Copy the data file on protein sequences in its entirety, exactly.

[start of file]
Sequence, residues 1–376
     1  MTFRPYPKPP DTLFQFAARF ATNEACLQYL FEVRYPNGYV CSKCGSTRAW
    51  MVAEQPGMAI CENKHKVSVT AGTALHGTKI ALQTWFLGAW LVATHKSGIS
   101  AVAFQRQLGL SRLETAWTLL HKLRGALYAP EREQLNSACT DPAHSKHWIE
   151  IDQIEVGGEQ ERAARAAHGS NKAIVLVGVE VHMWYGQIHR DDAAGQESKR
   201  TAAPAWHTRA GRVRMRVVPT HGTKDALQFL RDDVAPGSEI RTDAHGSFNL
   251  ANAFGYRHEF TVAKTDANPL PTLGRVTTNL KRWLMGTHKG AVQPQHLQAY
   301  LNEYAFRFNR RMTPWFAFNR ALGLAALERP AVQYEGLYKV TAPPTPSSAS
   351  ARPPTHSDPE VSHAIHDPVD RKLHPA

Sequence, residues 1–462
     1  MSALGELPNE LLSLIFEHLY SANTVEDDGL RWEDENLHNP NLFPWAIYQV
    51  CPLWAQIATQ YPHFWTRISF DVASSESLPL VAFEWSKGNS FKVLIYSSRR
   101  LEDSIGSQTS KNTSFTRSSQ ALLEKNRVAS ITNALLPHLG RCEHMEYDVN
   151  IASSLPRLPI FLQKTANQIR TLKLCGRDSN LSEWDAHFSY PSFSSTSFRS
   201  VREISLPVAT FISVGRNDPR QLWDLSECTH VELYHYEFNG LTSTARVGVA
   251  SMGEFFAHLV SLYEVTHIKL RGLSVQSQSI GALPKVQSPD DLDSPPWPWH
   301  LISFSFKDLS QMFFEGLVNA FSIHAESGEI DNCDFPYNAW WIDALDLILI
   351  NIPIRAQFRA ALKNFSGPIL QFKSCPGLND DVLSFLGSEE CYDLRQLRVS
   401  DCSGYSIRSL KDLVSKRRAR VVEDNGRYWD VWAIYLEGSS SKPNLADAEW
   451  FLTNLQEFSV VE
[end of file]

Sequence, residues 1–376
     1  MTFRPYPKPP DTLFQFAARF ATNEACLQYL FEVRYPNGYV CSKCGSTRAW
    51  MVAEQPGMAI CENKHKVSVT AGTALHGTKI ALQTWFLGAW LVATHKSGIS
   101  AVAFQRQLGL SRLETAWTLL HKLRGALYAP EREQLNSACT DPAHSKHWIE
   151  IDQIEVGGEQ ERAARAAHGS NKAIVLVGVE VHMWYGQIHR DDAAGQESKR
   201  TAAPAWHTRA GRVRMRVVPT HGTKDALQFL RDDVAPGSEI RTDAHGSFNL
   251  ANAFGYRHEF TVAKTDANPL PTLGRVTTNL KRWLMGTHKG AVQPQHLQAY
   301  LNEYAFRFNR RMTPWFAFNR ALGLAALERP AVQYEGLYKV TAPPTPSSAS
   351  ARPPTHSDPE VSHAIHDPVD RKLHPA

Sequence, residues 1–462
     1  MSALGELPNE LLSLIFEHLY SANTVEDDGL RWEDENLHNP NLFPWAIYQV
    51  CPLWAQIATQ YPHFWTRISF DVASSESLPL VAFEWSKGNS FKVLIYSSRR
   101  LEDSIGSQTS KNTSFTRSSQ ALLEKNRVAS ITNALLPHLG RCEHMEYDVN
   151  IASSLPRLPI FLQKTANQIR TLKLCGRDSN LSEWDAHFSY PSFSSTSFRS
   201  VREISLPVAT FISVGRNDPR QLWDLSECTH VELYHYEFNG LTSTARVGVA
   251  SMGEFFAHLV SLYEVTHIKL RGLSVQSQSI GALPKVQSPD DLDSPPWPWH
   301  LISFSFKDLS QMFFEGLVNA FSIHAESGEI DNCDFPYNAW WIDALDLILI
   351  NIPIRAQFRA ALKNFSGPIL QFKSCPGLND DVLSFLGSEE CYDLRQLRVS
   401  DCSGYSIRSL KDLVSKRRAR VVEDNGRYWD VWAIYLEGSS SKPNLADAEW
   451  FLTNLQEFSV VE